When Do You Think the ABA Reached Parity With the NBA.

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When Do You Think the ABA Reached Parity With the NBA.

Postby giasyc94 » Mon Nov 12, 2007 9:18 pm

All,

I always wondered what others thought when, or if, the ABA reached parity with the NBA in talent. To me the ABA at least achieved parity in their final season 1975-76. Any thoughts?

Roger
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Postby Mike Goodman » Thu Nov 15, 2007 8:29 pm

From my files, the 1977 statistical leaders in the NBA break down like this, regarding players' affiliation in 1976:
Code: Select all
rank  NBA ABA   rank NBA ABA
1-10   6    4    10   6    4
11-20   4    6    20  10   10
21-30   8    2    30  18   12
31-40   7    3    40  25   15
41-50  10    0    50  35   15
51-60   9    1    60  44   16
61-70   7    3    70  51   19
71-80  10    0    80  61   19
81-90   9    1    90  70   20
91-100  9    1   100  79   21

So it looks to me as though 10 of the top 20 NBA players of 1977 had been in the ABA in 1976. (McGinnis was NBA property in '76, as were Scott, Haywood, Chones...)

From 7 ABA'76 teams, then, there were 1.43 top-20 players per team. Among 18 NBA'76 teams, there were just 0.44 per team. This was the result of the ABA grabbing early-entry players for years, with big-bucks offers to future stars.

But of top-90 players -- roughly players 1-4 from each of 22 post-merger teams -- existing NBA teams contributed 4.4 per team, and ABA teams only 2.9 per team.

If nothing else, I hope I've proved how garbled one can make a head count.
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Postby MCT » Tue Nov 27, 2007 6:10 pm

Mike Goodman wrote:...it looks to me as though 10 of the top 20 NBA players of 1977 had been in the ABA in 1976. (McGinnis was NBA property in '76, as were Scott, Haywood, Chones...)

From 7 ABA'76 teams, then, there were 1.43 top-20 players per team. Among 18 NBA'76 teams, there were just 0.44 per team. This was the result of the ABA grabbing early-entry players for years, with big-bucks offers to future stars.

But of top-90 players -- roughly players 1-4 from each of 22 post-merger teams -- existing NBA teams contributed 4.4 per team, and ABA teams only 2.9 per team.

So, if I understand this correctly: the seven ABA teams that made it all the way to the end had significantly more "star" level players, per capita, than contemporary NBA teams did -- so much so that the two leagues were close in terms of the raw number of players at this level, even though the NBA had more than double the number of teams. But when it comes to players at the next level below that, the ABA was way behind the NBA. Even taken on per capita basis (and thus adjusted for league size), ABA teams' rosters were not nearly as deep as the NBA.

This actually makes a lot of sense to me. In past discussions about players who moved from one league to the other, I've observed that players who went from the NBA to the ABA tend to fall into two categories. A small number were stars who jumped because the ABA offered them big money. A larger group were marginal players who had been waived by NBA teams, or were barely hanging on in the senior circuit (note that far more marginal players went NBA-to-ABA than vice versa). But there weren't a lot of average, in-between players who made this move. Maybe it was because, under the option-year system, once a player had signed an NBA contract, it was a pain to get free from it and jump leagues. Or maybe players perceived the NBA as the stronger league financially, and once in, weren't inclined to jump out. Only players for whom it was clearly financially advantageous to jump, or who were struggling to stay in the NBA in the first place, made the move over. Players who fell somewhere in between -- comfortable in the NBA, but not talented enough that the ABA was throwing bags of money at them -- almost never did. This seems to line up nicely with Mike's findings.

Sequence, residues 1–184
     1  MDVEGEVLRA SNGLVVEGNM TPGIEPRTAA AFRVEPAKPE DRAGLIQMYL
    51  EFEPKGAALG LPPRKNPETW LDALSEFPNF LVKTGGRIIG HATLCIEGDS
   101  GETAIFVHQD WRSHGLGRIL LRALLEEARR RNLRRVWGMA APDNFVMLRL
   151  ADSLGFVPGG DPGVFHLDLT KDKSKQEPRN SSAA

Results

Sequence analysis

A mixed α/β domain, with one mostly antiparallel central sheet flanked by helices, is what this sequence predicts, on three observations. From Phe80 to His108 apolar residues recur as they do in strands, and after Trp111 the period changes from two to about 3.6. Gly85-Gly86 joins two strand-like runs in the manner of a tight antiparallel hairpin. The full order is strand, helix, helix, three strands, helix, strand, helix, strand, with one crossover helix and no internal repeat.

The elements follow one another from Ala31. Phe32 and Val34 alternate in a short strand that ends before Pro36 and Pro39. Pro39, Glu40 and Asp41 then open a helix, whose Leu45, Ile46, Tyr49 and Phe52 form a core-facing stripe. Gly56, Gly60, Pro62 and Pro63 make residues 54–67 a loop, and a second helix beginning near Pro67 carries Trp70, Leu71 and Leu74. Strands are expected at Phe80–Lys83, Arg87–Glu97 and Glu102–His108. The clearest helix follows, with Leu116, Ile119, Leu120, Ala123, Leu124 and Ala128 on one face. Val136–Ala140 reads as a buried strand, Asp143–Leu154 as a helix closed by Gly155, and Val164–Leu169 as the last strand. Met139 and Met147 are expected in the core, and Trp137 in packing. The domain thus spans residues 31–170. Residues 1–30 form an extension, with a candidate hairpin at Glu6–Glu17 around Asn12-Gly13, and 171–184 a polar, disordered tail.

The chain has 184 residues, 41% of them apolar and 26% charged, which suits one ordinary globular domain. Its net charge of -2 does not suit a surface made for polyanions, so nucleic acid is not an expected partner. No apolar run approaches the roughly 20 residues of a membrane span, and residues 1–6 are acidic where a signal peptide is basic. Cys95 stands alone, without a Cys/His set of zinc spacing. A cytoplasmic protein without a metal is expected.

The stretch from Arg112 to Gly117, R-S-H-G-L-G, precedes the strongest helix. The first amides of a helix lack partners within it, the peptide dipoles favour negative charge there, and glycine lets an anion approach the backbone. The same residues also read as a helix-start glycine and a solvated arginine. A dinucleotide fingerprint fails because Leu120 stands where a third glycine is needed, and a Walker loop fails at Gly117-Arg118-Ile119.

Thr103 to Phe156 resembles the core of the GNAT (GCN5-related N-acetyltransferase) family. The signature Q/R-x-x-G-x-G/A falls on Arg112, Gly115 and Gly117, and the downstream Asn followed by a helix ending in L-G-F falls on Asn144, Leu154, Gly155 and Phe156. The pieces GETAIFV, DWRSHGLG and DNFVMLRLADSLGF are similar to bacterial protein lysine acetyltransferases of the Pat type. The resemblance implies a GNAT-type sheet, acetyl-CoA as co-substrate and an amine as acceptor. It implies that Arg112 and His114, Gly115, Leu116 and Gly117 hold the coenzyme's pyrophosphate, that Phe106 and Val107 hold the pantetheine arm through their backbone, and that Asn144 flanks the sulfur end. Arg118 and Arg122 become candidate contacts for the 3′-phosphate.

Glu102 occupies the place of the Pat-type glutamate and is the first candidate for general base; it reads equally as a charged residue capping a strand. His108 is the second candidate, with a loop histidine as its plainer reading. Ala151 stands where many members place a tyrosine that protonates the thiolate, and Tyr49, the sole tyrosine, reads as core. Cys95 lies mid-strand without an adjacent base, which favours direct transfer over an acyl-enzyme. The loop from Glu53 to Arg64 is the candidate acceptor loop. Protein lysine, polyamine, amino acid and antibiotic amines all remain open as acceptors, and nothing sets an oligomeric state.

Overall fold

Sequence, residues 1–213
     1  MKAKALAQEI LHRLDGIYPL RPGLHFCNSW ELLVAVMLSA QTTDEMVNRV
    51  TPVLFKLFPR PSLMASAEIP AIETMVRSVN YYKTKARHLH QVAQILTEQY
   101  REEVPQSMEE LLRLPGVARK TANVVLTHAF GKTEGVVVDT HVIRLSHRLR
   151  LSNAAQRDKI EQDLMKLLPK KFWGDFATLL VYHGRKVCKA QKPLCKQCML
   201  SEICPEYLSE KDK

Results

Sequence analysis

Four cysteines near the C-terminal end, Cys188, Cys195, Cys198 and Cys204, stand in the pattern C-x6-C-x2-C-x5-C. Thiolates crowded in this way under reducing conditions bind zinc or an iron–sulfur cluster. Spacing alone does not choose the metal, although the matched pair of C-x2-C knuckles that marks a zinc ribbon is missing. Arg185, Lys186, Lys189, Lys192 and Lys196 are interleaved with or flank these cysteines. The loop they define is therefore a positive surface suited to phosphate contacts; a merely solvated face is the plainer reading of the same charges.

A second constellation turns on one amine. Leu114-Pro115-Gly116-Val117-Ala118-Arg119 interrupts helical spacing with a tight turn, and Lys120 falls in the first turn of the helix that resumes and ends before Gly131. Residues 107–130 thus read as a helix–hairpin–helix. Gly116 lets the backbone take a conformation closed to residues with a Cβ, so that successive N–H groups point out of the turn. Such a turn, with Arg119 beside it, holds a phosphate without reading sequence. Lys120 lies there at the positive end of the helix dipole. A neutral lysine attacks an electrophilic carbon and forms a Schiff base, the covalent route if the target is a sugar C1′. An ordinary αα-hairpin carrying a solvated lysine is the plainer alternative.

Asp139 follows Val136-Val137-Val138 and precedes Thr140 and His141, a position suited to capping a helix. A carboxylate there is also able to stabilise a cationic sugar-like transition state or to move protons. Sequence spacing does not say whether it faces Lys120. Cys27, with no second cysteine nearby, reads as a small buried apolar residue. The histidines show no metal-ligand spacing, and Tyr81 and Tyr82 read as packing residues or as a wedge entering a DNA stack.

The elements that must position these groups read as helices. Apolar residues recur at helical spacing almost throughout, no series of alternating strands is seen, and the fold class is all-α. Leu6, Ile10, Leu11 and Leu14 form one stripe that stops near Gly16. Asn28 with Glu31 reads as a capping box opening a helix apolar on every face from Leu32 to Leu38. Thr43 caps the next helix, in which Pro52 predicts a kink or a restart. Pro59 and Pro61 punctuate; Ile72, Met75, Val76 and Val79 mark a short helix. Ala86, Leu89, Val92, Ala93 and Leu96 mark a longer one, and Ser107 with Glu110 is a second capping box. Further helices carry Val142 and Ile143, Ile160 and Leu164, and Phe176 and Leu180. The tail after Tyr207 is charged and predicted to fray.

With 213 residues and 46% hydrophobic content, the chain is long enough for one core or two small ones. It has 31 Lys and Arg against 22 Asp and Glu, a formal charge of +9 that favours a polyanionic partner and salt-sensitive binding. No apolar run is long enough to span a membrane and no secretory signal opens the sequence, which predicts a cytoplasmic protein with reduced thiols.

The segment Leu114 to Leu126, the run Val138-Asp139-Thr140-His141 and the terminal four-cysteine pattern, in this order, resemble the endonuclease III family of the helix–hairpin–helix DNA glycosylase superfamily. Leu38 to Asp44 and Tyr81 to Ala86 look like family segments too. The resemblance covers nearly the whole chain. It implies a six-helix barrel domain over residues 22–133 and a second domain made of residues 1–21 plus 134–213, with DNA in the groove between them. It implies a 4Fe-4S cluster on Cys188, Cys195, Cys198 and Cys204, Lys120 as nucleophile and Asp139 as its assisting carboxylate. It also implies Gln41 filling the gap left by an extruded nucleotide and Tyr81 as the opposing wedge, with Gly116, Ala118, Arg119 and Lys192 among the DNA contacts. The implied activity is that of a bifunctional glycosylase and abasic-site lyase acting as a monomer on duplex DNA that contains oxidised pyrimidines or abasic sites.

Along the same lines:

[The ABA's better showing than the NBA at the "star" level] was the result of the ABA grabbing early-entry players for years, with big-bucks offers to future stars.

So the ABA's top-heaviness may have extended beyond league-jumping veterans, to rookies. Sometimes, as Mike noted, the ABA signed players as undergraduates, before they were even eligible for the NBA draft (so there was no competition from the NBA). Even for players who were eligible for the NBA draft, for most of its existence the ABA held its draft earlier than the NBA's, and would often try to sign up players before the NBA could even get out of the gate and assign their draft rights to a team. A major push to do this in 1970, for example, netted college seniors Dan Issel, Charlie Scott and Rick Mount, among others.

But if you look at players who were actually first-round picks in the NBA draft (in other words, players who reached the point of actually being drafted by the NBA without having already come to terms with the ABA, since players who had were almost never drafted in the first round), the number that went on to sign with the ABA is very low. Looking over the 1967-75 NBA drafts, these are the only first-round picks I found who appear to have signed with the ABA:

1967 -- Mel Daniels (1 of 14)
1968 -- none (0 of 14)
1969 -- Larry Cannon (1 of 15)
1970 -- Jim Ard (1 of 17)
1971 -- John Roche, Collis Jones (2 of 17)
1972 -- none (0 of 11)*
1973 -- Mike Green, Kevin Joyce, Barry Parkhill, Swen Nater (4 of 18)
1974 -- Marvin Barnes, Bobby Jones, Len Elmore, Maurice Lucas (4 of 18)
1975 -- David Thompson, Marvin Webster (2 of 18)
*Note: the first round of the 1972 draft had only 13 picks, due to four teams having used their picks in a special supplemental hardship draft in the fall of 1971. Two of the thirteen teams that did pick selected players who were already under contract to the ABA (Chicago took Ralph Simpson and Milwaukee took Julius Erving); I have not counted them in the tally above since these players were obviously drafted purely for speculative value. I have similary ignored the four players selected in the first round of the 1971 hardship draft since the ABA probably had an even worse shot than usual at signing these players (all four signed with the NBA; if they were going to sign with the ABA, they probably already would have done so before the hardship draft even happened).

That push around 1973-74 notwithstanding, the percentage of the above players who signed with the ABA is very low. At all times, the ABA was at least 50% of the size of the NBA, and in the early years it was even higher. But the ABA only signed about 10% of these players, failing to reach 25% even in its best year.